On the occasion of Charles Dickens’ 200th birthday, tea lovers around the world echoed this famous quote from the familiar Mother Goose rhyme that was documented by Mr. Dickens in his novel, Barnaby Rudge or A Tale of the Riots of ‘Eighty, published in 1841.

Polly put the kettle on,
Polly put the kettle on,
Polly put the kettle on,
We’ll all have tea.
Sukey take it off again,
Sukey take it off again,
Sukey take it off again,
They’ve all gone away.
 
The original rhyme, published in the 18th Century, started “Molly put the kettle on,” and is said to have been inspired by a group of children, who couldn’t decide whether to have a tea party or play another game (how old were these children playing with a kettle?!).
 
All concerns aside, in this post, I wanted to pay tribute to Mr. Dickens and all the treasures he bestowed on us.  My image of the U.K., as I suspect it is for many Americans, is an amalgam of Dickensian characters and scenes – The Pickwick Papers, Great Expectations, David Copperfield, and many more.  For those who are 25 and younger, my guess is that JK Rowling’s scenes and characters, as fantastical as they are, are taking over Oliver Twist’s place, however!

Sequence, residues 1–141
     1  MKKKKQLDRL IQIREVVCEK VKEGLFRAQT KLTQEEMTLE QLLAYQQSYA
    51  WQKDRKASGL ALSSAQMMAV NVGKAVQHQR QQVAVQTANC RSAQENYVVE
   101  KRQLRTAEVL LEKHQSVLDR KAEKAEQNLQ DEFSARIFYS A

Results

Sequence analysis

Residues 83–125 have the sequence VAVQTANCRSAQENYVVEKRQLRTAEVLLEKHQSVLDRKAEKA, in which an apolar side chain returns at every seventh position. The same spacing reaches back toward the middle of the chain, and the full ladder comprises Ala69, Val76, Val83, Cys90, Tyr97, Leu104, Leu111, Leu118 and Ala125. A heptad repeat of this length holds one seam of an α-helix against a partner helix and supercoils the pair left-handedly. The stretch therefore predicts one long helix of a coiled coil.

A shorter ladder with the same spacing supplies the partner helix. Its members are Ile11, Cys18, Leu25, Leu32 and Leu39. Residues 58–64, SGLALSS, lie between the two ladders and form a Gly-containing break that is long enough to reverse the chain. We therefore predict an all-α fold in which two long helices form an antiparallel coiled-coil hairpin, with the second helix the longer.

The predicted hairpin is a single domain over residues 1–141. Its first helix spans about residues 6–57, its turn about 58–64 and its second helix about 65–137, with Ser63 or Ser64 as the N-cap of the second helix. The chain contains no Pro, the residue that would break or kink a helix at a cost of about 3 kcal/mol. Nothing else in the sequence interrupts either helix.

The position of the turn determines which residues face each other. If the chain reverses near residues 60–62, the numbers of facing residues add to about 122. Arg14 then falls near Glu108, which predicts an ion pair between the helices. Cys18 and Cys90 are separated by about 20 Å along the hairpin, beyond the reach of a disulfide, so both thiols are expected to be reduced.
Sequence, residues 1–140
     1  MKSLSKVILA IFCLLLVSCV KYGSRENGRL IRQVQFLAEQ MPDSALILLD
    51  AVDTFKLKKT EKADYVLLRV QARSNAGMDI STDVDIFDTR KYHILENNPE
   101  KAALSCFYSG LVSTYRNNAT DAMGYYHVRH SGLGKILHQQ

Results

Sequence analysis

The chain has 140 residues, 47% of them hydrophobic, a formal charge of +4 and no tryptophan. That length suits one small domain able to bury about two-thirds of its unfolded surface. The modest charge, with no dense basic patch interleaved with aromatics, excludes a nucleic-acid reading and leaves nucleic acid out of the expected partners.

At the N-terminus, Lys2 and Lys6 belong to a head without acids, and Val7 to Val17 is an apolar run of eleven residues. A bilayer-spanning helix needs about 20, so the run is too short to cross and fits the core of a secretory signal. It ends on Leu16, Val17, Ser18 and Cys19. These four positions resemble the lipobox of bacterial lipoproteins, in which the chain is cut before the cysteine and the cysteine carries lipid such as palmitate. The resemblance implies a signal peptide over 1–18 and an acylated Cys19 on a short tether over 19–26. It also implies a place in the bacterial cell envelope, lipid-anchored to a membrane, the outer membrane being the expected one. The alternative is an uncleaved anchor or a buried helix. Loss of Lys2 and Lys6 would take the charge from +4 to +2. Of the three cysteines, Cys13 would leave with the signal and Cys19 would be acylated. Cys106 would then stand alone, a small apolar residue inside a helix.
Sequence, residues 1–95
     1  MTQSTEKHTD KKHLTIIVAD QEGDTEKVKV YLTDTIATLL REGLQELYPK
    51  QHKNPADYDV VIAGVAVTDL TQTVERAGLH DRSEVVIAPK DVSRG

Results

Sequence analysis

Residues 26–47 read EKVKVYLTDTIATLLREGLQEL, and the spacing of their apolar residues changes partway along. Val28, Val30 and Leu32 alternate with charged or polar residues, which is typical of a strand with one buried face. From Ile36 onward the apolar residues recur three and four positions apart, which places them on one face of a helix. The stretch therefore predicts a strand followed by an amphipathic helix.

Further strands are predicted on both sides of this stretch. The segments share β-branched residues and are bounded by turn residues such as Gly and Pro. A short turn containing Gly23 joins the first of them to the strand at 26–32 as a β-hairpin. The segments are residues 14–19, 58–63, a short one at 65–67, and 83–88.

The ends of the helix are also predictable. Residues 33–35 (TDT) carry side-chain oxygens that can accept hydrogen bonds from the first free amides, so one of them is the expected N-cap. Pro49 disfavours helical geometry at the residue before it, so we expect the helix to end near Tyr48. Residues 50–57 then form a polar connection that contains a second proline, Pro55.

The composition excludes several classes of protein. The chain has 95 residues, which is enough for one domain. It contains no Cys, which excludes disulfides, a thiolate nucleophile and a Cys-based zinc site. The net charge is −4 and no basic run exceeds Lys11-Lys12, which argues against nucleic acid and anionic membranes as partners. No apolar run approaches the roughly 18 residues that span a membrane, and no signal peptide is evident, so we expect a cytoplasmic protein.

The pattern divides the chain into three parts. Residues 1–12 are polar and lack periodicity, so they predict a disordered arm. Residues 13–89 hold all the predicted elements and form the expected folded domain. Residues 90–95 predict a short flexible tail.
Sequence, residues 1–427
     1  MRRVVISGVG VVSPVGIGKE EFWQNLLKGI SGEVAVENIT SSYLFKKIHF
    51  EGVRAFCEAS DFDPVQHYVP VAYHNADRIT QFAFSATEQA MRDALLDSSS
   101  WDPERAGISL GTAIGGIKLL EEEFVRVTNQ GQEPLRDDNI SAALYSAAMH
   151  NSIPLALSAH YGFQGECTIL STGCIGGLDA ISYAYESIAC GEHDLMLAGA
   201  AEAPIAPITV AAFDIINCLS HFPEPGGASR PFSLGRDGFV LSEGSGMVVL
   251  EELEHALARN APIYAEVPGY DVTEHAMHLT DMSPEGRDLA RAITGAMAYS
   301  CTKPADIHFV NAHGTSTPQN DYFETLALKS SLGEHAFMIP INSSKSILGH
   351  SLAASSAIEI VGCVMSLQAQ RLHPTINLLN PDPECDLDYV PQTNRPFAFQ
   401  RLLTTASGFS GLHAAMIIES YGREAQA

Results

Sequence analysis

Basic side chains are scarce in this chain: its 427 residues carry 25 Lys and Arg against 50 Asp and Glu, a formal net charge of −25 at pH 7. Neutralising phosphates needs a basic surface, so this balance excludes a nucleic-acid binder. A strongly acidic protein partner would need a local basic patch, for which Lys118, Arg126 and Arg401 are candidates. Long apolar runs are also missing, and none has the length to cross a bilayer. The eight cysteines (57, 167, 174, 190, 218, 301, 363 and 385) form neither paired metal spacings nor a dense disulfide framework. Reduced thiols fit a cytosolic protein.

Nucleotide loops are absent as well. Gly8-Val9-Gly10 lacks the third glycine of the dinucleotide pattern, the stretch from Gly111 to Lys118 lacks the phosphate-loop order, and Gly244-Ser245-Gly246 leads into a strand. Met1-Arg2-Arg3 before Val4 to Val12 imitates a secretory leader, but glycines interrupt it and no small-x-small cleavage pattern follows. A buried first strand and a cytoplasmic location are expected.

Dickens’ A Tale of Two Cities was one of the most important historical novels ever written, and persists as required reading in most high school programs.  But what was this famous writer’s connection to tea?  This legendary author confessed that when looking back on his own childhood, he saw a very small and not over-particularly-taken-care-of boy.  Black tea and pudding are mentioned as daily staples in biographical accounts of his childhood, which was apparently a sad mixture of fond as well as detested memories. The Dickens family was almost always hard-pressed.

In the highly autobiographical David Copperfield, the ever-pinched Mr. Micawber gives David some shrewd advice: “Annual income twenty pounds, annual expenditure nineteen nineteen six – result happiness. Annual income twenty pounds, annual expenditure twenty pounds ought and six – result misery.”  And yet, Mr. Micawber remains ever hopeful – “In case anything turned up” was his favorite expression.

Dickens grew into a creative genius, who, through an astonishing amount of hard work, transformed himself into the most published author of his times.  He once wrote to a friend and his future biographer, John Forster: “One is driven by irresistible might until the journey is worked out!”

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